The last period of play was only 7.5 overs, but it provided a neat snapshot of the opening day of this series. One which saw England frustrated and Pakistan tested yet at ease.

In fading light, Joe Root’s side went out to find another wicket in the limited window they had. Jofra Archer went to go short to Babar Azam and, at the end of his 10th over, Root was called aside and informed that tactic wouldn’t fly at this time of evening. So he opted for the spin of Dom Bess and himself. Jos Buttler missed a stumping – his second botched chance against left-hander Shan Masood – while Azam picked up a couple of bonus fours before play was finally abandoned as the elements won out.

It left Pakistan chipper on 139 for two – Masood (46 not out) and Azam (69*) in a good headspace. Root walked off wondering if he should have held firm, taken his fast bowlers and gone home. The match has many more turns to come, and Pakistan are just ahead after the first few.

Sharing the full story, not just the headlines

You would have been of a mind to call the opening session all square. With clouds overhead but a trusty pitch underfoot, Azhar Ali decided batting first was the way to go. But for two wickets, the 53 runs in 25 overs was a positive start.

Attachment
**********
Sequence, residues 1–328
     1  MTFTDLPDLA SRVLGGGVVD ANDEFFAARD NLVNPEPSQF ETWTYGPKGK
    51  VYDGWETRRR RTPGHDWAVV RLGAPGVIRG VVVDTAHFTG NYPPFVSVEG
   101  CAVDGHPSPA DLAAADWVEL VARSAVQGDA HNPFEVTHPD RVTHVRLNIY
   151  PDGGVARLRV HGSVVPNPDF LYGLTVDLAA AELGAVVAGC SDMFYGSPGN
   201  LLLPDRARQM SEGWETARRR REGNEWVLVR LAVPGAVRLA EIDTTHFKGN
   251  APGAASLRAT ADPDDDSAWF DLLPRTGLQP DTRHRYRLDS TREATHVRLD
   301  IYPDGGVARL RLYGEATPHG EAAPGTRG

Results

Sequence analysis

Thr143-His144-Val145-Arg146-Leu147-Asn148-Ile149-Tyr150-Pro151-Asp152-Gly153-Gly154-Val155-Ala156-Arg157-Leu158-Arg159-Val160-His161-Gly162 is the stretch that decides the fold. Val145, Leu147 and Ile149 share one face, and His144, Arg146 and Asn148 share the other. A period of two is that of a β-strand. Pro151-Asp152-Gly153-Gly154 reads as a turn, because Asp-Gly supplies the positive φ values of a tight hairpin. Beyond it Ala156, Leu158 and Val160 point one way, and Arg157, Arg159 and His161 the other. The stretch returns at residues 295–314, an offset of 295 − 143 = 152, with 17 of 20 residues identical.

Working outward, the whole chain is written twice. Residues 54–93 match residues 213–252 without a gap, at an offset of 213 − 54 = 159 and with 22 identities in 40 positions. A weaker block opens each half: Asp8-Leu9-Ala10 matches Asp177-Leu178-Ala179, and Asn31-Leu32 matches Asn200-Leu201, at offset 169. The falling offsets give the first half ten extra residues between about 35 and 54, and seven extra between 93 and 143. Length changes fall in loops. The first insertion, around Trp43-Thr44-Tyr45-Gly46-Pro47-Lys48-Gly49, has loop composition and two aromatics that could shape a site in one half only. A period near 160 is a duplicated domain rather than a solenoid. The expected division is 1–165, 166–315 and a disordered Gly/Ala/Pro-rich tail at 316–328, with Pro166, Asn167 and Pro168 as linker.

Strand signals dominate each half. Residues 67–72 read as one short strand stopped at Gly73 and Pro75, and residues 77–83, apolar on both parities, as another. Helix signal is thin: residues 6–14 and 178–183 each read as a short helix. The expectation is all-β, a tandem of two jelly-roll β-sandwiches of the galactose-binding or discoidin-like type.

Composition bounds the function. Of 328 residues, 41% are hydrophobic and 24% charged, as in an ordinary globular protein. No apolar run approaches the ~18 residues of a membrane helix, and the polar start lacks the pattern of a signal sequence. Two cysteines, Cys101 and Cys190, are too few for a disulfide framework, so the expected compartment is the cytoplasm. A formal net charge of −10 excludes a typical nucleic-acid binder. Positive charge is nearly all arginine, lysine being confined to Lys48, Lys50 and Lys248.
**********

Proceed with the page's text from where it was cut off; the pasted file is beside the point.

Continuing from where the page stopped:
The England 500 pair of James Anderson and Stuart Broad were wicketless in their new-ball spells. Thus it was down to Jofra Archer and Chris Woakes to main the first incisions as part of an unchanged line-up from the third West Indies Test just a week ago.

Abid Ali, set-up on the outside edge by Archer was done on the inside, bowled for 16. The wise old head up top, Azhar Ali (nought), was trapped in front by Woakes and, for a moment, and suddenly Pakistan were reeling on 43 for two in the 19th over.

Especially so when Azam strode to the crease and was beaten with the ball of the day from Woakes: arching in all the way until it pitched and went the other way and winked at the right-hander’s bat as it passed by. For a moment, England were keen. That changed hours later, as the rain washed out chunks of play allowing the men responsible for changes in the hosts’ mood were unbeaten at close in a stand of 96.

The nature of Test cricket in this country, and indeed how the casual English fan consumes it, means it can take time for great overseas player to be regarded as such. Thus, the appreciation from those over here comes later than it should. Thankfully, Azam has got them up to speed at the earliest opportunity.

He was on his way to doing it in 2018. But after making it to 68 not out in the first innings of that series – at Lord’s no less – a bouncer from Ben Stokes broke his arm and ended his series. Two years on, a 14th half-century was pocketed with ease. And though the allrounder was here unable to bowl – certainly not as fast if he is called upon during the match – it would not have made a difference.